Sunday, January 22, 2012

Does Meniere’s disease lead to other health problems?

Have you ever thought that having Meniere’s disease has been the cause of you having other health problems? The first thing that comes to mind is hearing loss. While my hearing wasn’t that good before I was diagnosed with Meniere’s it is really bad now especially in my “Meniere’s” ear. Although I think that I lost a lot of the hearing after my last gent injection (I can’t say for sure) As for other health issues it seems that MD has also made them worse.


What made me think about all this was a comment that I read about acid reflux, which I have had for years. It doesn’t seem like there would be any connection between it and Meniere’s but who knows there might be.

Another problem that I know quite a few people have difficulty with is depression and with meniere’s it isn’t hard to see the connection between the two. Dealing with the thought that you may have an attack at any moment during the day is enough to make anyone depressed. In my own case I found that going to a counselor helped quite a bit in handling the stress and depression that it puts you under.

Something that I am going to try to do in 2012 is to live a healthier lifestyle. Hopefully by eating a healthy diet and exercising I will be able to feel better and have more energy. (I hope that I stick to it!)

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18 comments:

  1. One of the things I miss the most is my hearing. I now have 2 hearing aids ($6000+, not covered by insurance)to help with the hearing loss. As a recently retired teacher, I was known for my super sonic hearing. Some people have mommy ears...I had teacher ears. With the onset of my Menieres I lost a significant range of hearing. I now substitute and if I forget to wear my hearing aids I can't hear students when I call the roll. I have mis-interpreteted words...thinking they dropped the f-bomb but not sure.....like they will tell you the truth. :) I don't wear my hearing aids at home and my boyfriend will complain that the tv is too loud, the radio too loud etc. I find I must look at people when they speak to understand them.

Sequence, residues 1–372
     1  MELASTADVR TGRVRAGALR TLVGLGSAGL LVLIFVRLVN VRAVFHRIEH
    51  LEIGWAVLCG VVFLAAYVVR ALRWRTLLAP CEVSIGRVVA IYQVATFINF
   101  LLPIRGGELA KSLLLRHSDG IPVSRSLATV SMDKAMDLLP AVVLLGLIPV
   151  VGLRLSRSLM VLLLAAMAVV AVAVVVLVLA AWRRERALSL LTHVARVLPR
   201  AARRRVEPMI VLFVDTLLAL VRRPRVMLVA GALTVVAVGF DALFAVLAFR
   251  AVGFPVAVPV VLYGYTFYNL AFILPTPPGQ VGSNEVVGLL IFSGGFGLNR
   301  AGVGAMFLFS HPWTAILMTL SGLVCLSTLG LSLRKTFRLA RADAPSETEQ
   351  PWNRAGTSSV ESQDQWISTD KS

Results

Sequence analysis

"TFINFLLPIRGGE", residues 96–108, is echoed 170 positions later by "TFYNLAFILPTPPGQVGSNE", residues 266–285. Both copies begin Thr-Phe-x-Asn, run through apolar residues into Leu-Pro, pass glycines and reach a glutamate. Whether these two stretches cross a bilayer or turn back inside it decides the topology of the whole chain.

Growing up I thought the worst disability would be hearing loss....I loved to listen to music, nature, whispers etc...never in my wildest dream did I ever imagine losing my hearing to a disease.

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  2. Depression is clearly an offshoot of Meniere's, for obvious reasons. I'm intrigued by the introduction of reflux as another possible link.

    The issue I have now that I think might be tied to Meniere's and the treatments I've had for it is my vision. I used to have very good distance vision, almost 20/20. But since the treatments last year, and especially since the surgery to sever the vestibular nerve, I've noticed my distance vision is quite a bit worse than it was previously. I have no idea what could be behind that, unless it's just the ongoing baseline nystagmus.

    It sure is discouraging, though.

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  3. Just thought id give you all an update on my situation. Well no vertigo since last October and had a grommet in December. No problems with the grommet, but I have been struggling to cope with other things related to menieres; Stress and depression mostly, as well as finding the tinnitus hard. Ive kind of got my self into a rut - don't want to do anything, or go anywhere and generally lost interest in life. I have also let this affect my university work ( Im in my final semester of pharmacy). However, Im managing the tinnitus better now with my hearing aid and waiting for tinnitus retraining. I am also taking up an old hobby, which I loved when I was youger - horse riding! I'm going to loan the horse I used to ride, and maybe buy him once I start working full time. In fact I plan to get back in the saddle today! I'm hoping this will help my balance out too. It has picked my spirits up no end, and I've noticed I pay less attention to the tunnitus when I'm occupied. It is a worry though that I will become sick again with the worst element to the disease (vertigo) but I don't want this thing to take over my life anymore. We only get one so I want to live full a life as possible. For me it's trying to balance the fun, work and rest and I'm not going to beat myself up if I have a bad day. I've heard of so many people getting better (Ryan Adams for example) and find it very encouraging. If they can do it, why can't I.

    Take Care,

    Becky

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  4. Becky, I'm glad you are going back to some of the things you used to love doing. It's really easy to just give up and spend your life sitting down to avoid any dizziness, but it's not much of a life, is it?

    I was really intrigued by your reference to Ryan Adams and had to look him up. I'm always somewhat pleased to hear about a celebrity who has Meniere's, because it might be the only way the rest of the world ever hears about Meniere's.

    Not that I'm pleased to hear that anyone else has this, but if people who are famous suffer from it and talk about it, the word will get out, and understanding for this dreadful disease will grow. I hope.